Conflict Resolution - Winning With Difficult People - Personality Styles - DISC Why are some people, be they friends, clients, family or co-workers, so difficult to deal with? How can I talk to them without getting mad? What, if anything, did I do to create a tense situation and cause them to lose control? The reality is we all have difficult people in our lives. Professionally, they are clients or colleagues, or our boss. Personally, they can be people we live with or gave birth to! People become difficult for a variety of reasons – some of them justifiable. Perhaps their needs are not being met, or they have experienced poor communication or service. Perhaps the culprit is the lack of authority to deal with the problem, and they resent having to always defer to someone else. Some people are quick to anger and take their frustrations out on the nearest person they perceive as lower in status than themselves. And, we let them. Worse yet, we react negatively by taking their anger personally. We get angry right back at them, and "fire the client" by being difficult ourselves. In other words, we have successfully become the problem. There are two primary types of conflict. One is performance-based. This type of situation is caused when a person's work performance -- whether it's an issue of quantity or quality -- is not meeting expectations. It creates stress and problems for everyone. The second type of conflict is relationship-based. You don't get along with the client or business associate for various reasons, but particularly because the other person's behavior and personality clash with your preferred communication style. In your opinion, they might be overly aggressive or demanding, too detail orientated, or just slow to respond. Ironing things out When you find yourself in a tense situation, one solution is by "results management." You should work to become very clear about what the problem seems to be, write it down, and work on creating constructive win-win solutions. The fact is that we have choices ranging from doing nothing and continuing to feel guilty about possibly causing the situation, to changing our attitudes about the other person and the event. Our attitudes can range from, "That's just the way they are and I can live with it because it's not about me," to a full-blown decision to resolve the situation once and for all! If you decide to try to iron out the situation, you will have to meet or talk with the other person. When you do so, seek to understand them and ask lots of questions. Also, keep these strategies in mind: * Focus on what happened, not who caused it.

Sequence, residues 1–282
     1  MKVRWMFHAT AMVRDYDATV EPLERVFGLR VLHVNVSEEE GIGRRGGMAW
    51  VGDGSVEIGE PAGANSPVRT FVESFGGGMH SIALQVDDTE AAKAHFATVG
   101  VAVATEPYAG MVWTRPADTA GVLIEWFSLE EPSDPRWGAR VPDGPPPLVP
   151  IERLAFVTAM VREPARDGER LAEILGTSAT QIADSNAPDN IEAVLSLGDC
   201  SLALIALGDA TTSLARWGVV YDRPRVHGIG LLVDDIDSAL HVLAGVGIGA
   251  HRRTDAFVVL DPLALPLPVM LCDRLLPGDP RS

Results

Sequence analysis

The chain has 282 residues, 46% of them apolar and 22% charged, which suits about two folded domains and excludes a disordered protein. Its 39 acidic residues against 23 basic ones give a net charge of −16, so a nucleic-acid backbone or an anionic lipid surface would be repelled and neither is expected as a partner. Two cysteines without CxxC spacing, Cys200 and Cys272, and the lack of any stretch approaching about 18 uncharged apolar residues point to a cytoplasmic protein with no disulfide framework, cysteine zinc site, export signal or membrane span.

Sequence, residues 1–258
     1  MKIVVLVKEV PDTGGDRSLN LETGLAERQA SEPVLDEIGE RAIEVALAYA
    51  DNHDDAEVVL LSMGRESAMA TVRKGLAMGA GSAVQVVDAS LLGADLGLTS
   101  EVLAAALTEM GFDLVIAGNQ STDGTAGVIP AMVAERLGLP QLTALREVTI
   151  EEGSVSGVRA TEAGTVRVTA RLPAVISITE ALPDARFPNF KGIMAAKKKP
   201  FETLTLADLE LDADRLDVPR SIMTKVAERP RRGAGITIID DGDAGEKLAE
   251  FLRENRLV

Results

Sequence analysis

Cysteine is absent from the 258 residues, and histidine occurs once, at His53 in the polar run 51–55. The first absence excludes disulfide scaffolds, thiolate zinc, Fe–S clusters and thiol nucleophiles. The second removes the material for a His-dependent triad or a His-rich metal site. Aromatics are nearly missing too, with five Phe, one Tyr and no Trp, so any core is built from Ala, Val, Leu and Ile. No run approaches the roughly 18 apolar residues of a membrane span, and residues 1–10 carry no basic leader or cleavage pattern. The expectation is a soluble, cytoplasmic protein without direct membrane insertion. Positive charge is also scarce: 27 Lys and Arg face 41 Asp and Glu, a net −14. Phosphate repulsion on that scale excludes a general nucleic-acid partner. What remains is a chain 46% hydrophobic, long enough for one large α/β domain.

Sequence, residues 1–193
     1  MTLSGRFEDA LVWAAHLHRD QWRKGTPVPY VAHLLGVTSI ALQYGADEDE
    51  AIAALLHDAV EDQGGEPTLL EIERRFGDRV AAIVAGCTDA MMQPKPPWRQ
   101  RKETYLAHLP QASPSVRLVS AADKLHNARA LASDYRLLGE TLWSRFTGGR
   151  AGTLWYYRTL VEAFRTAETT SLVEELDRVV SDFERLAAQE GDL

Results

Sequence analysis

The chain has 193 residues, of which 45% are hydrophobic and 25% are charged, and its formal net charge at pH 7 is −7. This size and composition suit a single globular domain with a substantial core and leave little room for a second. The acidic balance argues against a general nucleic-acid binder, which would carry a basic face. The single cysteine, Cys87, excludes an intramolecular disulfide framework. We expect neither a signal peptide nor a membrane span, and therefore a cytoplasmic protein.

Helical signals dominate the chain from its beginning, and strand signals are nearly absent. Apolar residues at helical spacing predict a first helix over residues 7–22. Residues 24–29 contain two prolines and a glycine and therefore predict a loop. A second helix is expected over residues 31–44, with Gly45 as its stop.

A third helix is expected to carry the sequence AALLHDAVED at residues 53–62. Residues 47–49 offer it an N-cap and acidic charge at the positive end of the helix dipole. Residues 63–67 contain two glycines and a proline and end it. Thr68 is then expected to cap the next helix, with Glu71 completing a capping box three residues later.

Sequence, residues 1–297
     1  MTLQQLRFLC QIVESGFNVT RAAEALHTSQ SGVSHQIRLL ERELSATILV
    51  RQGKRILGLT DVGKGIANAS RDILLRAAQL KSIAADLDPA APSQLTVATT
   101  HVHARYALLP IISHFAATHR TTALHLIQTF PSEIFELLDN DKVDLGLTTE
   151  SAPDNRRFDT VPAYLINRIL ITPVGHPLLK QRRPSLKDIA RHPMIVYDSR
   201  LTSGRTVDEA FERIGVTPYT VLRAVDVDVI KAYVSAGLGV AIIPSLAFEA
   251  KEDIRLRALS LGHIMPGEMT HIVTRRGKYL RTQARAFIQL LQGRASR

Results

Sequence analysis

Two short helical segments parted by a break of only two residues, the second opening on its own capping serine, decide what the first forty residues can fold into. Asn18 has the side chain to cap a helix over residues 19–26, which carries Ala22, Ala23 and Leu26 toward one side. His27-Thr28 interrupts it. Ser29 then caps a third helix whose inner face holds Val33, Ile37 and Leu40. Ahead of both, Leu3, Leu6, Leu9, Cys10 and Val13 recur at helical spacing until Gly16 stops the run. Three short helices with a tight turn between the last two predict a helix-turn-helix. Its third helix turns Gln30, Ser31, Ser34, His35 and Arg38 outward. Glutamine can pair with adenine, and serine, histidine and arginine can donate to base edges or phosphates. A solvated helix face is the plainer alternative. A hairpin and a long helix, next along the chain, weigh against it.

* Assume a positive intent by them (it may just be that their personality style does not allow them to communicate effectively). * Let them know your positive intent -- you want to find a solution. * Reinforce what your shared goals are. As the client, their goal is what they hired you for; yours is to create and deliver the service. * Set a time frame for solving a problem when it arises; let nothing stay unresolved. Conflicts are best handled within 48 hours. Remember how bad you felt the last time you had a difficult situation and then how good you felt when it was resolved quickly? * Resolve to learn from the situation and share your findings with everyone involved so it does not happen again. * Both parties should commit to changing the cycle of conflict. This might mean more frequent communication until trust is re-established. Remember, everybody is different in how they manage others and in their expectations for how they in turn are managed and supported. You must have different solutions to every situation. As Abraham Maslow said, "If the only tool is a hammer, you treat everything like a nail." This article suggests several tools, but the best tool is having great communication and clarity every step of the way. A final reminder: there are two main sources of difficult behavior – the other person, or you. Make certain you are not...
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